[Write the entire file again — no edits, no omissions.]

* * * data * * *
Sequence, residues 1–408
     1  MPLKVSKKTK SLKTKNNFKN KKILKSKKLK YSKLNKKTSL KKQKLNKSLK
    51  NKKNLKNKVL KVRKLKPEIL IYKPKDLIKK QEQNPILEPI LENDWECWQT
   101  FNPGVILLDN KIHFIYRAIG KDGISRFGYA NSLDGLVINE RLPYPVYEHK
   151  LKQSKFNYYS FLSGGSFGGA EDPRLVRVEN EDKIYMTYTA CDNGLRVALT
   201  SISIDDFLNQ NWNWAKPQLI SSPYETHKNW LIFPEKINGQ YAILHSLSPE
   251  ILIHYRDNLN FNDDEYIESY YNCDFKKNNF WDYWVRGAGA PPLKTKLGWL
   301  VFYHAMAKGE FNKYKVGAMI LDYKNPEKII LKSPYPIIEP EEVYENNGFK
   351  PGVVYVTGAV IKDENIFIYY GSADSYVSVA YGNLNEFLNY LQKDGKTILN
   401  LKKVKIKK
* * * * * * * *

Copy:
Sequence, residues 1–408
     1  MPLKVSKKTK SLKTKNNFKN KKILKSKKLK YSKLNKKTSL KKQKLNKSLK
    51  NKKNLKNKVL KVRKLKPEIL IYKPKDLIKK QEQNPILEPI LENDWECWQT
   101  FNPGVILLDN KIHFIYRAIG KDGISRFGYA NSLDGLVINE RLPYPVYEHK
   151  LKQSKFNYYS FLSGGSFGGA EDPRLVRVEN EDKIYMTYTA CDNGLRVALT
   201  SISIDDFLNQ NWNWAKPQLI SSPYETHKNW LIFPEKINGQ YAILHSLSPE
   251  ILIHYRDNLN FNDDEYIESY YNCDFKKNNF WDYWVRGAGA PPLKTKLGWL
   301  VFYHAMAKGE FNKYKVGAMI LDYKNPEKII LKSPYPIIEP EEVYENNGFK
   351  PGVVYVTGAV IKDENIFIYY GSADSYVSVA YGNLNEFLNY LQKDGKTILN
   401  LKKVKIKK